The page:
I was recently at a tony wedding party—it was really fun! Hooray for love!—and all the women there were talking about, among other things of course, their dresses. It was all "Oh I got this at a sample sale" and the like. Everyone wanted to be clear that she hadn't paid full price. Many of them even hadn't. It was as if buying retail was a crime. And it was slightly scandalous (as if it were, like, 1890) that one somewhat New York-famous guest was wearing sneakers. They looked like Vans, people thought. But I pointed out that they were in fact Bottega Veneta sneakers—so, expensive, suede, woven vans—which retail [...]
You saw these homes with secrets, right? Hidden doors and even rooms! Don't they remind you of a recurring dream you've had for years? I know, ha ha, "those dreams are about a secret extra vagina" or something but actually I think living in New York for ten years makes the subconscious way literal in terms of real estate.
Well, here you go. What to even quote? Let's try this! Asked if he were willing to pay more taxes in a Nov. 30 interview with Bloomberg Television, Blackstone Group LP CEO Stephen Schwarzman spoke about lower-income U.S. families who pay no income tax. “You have to have skin in the game,” said Schwarzman, 64. “I’m not saying how much people should do. But we should all be part of the system.”
It's an incredibly hot defensive mess up in there.
What does money smell like? The Times notes the rapid rise of "sweet" in perfumes, which makes sense, given that pop culture is garbage and syrup, though Prada Candy, God bless. There are also a few holdouts, like Hermes perfumer Jean-Claude Ellena: "Instead, his new Hermès Santal Massoïa, introduced in November, is made of the 'milky' woods sandalwood and massoia. It smells sort of like a tree that’s been through a brutal storm." LOL! (Also, weirdly true. Though also sort of like a ripe melon got trapped in a sauna after being beaten with a cedar bat.) Elsewhere a (terrible-sounding) perfume is described by saying it "conjures an [...]
Got plans tomorrow night? Cancel 'em! Or at least modify them so that you give yourself time to attend this: "Mark Crispin Miller hosts Chris Lehmann, author of Rich People Things: Real-Life Secrets of the Predator Class. In Rich People Things, Chris Lehmann lays bare the various dogmas and delusions that prop up plutocratic rule in the post-meltdown age. It's a humorous and harrowing tale of warped populism, phony reform, and blind deference to the nation's financial elite." Awl pal Chris Lehmann! You'd be a fool to miss it. (McNally Jackson, 7 PM)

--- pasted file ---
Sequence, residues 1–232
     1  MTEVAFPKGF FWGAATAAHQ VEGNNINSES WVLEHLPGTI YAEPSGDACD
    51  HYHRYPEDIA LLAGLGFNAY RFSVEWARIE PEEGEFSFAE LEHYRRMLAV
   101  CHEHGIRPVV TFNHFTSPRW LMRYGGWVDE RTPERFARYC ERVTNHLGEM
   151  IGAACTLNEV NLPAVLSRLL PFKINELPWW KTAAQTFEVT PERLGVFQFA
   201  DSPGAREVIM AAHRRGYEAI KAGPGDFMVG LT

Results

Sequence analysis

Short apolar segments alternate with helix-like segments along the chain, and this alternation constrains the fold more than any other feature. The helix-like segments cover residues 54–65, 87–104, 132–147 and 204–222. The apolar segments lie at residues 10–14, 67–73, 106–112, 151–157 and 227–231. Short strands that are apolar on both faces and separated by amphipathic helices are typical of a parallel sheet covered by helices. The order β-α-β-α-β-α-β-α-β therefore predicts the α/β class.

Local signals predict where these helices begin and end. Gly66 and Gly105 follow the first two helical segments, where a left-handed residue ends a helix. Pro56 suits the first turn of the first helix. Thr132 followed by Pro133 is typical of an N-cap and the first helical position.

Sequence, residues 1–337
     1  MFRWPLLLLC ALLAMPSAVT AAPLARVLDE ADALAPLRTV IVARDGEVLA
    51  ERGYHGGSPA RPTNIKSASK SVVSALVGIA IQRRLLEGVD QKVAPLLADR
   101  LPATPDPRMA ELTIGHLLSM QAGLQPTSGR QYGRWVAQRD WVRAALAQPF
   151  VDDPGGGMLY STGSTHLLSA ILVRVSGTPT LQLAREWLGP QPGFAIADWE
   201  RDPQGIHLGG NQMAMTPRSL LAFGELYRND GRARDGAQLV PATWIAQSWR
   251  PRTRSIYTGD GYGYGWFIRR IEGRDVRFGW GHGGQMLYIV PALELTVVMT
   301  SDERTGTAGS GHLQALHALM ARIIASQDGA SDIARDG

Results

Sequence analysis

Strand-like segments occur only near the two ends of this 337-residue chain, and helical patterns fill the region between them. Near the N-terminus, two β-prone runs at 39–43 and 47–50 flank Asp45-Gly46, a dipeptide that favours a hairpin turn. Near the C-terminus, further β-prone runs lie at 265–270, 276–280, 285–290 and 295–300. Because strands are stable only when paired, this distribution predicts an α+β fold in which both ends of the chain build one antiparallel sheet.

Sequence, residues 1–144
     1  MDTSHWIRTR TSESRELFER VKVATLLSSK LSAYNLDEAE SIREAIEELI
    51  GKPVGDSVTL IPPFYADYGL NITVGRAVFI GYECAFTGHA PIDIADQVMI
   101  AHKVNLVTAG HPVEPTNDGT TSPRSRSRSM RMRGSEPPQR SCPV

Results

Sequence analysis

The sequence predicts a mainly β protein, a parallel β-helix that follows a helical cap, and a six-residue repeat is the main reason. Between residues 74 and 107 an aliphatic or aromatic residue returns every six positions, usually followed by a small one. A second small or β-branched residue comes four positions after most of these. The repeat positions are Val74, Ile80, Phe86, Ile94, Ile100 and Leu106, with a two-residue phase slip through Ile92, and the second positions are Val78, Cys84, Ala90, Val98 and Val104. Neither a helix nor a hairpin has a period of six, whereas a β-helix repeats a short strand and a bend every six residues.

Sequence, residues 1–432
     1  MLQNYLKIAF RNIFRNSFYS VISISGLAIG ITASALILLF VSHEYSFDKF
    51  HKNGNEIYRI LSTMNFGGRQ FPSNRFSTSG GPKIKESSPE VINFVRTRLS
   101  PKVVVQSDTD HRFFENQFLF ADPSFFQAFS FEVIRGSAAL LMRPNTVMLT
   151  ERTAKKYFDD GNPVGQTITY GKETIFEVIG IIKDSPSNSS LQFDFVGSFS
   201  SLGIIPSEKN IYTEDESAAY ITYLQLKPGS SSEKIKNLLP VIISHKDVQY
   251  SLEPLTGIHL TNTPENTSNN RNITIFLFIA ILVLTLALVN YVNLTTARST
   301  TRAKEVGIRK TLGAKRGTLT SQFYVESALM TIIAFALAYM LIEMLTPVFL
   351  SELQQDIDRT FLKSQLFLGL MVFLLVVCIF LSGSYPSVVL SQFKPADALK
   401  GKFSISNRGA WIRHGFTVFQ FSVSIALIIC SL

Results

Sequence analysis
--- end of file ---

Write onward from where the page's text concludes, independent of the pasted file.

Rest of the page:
It’s that magical time of the year when brand preferences are being lodged in the consumer psyche by any means necessary, be it free online shipping offers or conventional “doorbuster” style shopper stampedes. (Plus, in an admirable show of advance conditioning, there are those sidebar Four Loko-fueled parking lot brawls.)
But the romance of the brand is a notoriously ephemeral thing, as any casual survey of thrift-store Tickle-Me Elmo and Tamagotchi displays will promptly demonstrate. To do the job right, in this as in so many other realms, we would do well to heed the example of the Germans. As Bloomberg’s Chris Reiter reports, Deutschland’s [...]
For people saddled with unsustainable mortgage payments, foreclosure proceedings come with a heavy emphasis on the "closure" part-since they mean eviction, devastated credit and near-permanent status as a financial pariah. But the purveyors of the fraudulent debt instruments behind the nation's present foreclosure tsunami play, as always, by a different set of rules. For even in managing the wind-down of home loans poisoned by their own special brand of recklessly securitized debt, American banks continue hewing to the same fee-seeking, asset-stripping mode of enterprise that originally jeopardized the U.S. housing market, and much of the broader economy along with it. Now, as then, they've distorted the housing market with [...]